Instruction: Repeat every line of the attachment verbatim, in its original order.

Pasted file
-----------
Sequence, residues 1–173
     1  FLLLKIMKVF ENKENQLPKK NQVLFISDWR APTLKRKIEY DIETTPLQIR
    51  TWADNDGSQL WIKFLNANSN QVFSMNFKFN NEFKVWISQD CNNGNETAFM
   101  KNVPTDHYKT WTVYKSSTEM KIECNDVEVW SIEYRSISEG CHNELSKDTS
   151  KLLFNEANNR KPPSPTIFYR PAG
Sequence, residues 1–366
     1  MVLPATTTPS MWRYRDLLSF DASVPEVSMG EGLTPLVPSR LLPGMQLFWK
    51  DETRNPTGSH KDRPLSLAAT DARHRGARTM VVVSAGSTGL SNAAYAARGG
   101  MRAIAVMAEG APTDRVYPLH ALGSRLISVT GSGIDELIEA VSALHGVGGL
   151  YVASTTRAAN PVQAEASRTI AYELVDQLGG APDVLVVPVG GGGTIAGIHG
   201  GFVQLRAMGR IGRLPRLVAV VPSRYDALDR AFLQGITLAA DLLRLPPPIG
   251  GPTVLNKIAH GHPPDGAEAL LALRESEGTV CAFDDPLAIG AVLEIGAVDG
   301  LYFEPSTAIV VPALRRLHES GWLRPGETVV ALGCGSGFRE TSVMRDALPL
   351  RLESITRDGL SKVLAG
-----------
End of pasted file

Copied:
Sequence, residues 1–173
     1  FLLLKIMKVF ENKENQLPKK NQVLFISDWR APTLKRKIEY DIETTPLQIR
    51  TWADNDGSQL WIKFLNANSN QVFSMNFKFN NEFKVWISQD CNNGNETAFM
   101  KNVPTDHYKT WTVYKSSTEM KIECNDVEVW SIEYRSISEG CHNELSKDTS
   151  KLLFNEANNR KPPSPTIFYR PAG
Sequence, residues 1–366
     1  MVLPATTTPS MWRYRDLLSF DASVPEVSMG EGLTPLVPSR LLPGMQLFWK
    51  DETRNPTGSH KDRPLSLAAT DARHRGARTM VVVSAGSTGL SNAAYAARGG
   101  MRAIAVMAEG APTDRVYPLH ALGSRLISVT GSGIDELIEA VSALHGVGGL
   151  YVASTTRAAN PVQAEASRTI AYELVDQLGG APDVLVVPVG GGGTIAGIHG
   201  GFVQLRAMGR IGRLPRLVAV VPSRYDALDR AFLQGITLAA DLLRLPPPIG
   251  GPTVLNKIAH GHPPDGAEAL LALRESEGTV CAFDDPLAIG AVLEIGAVDG
   301  LYFEPSTAIV VPALRRLHES GWLRPGETVV ALGCGSGFRE TSVMRDALPL
   351  RLESITRDGL SKVLAG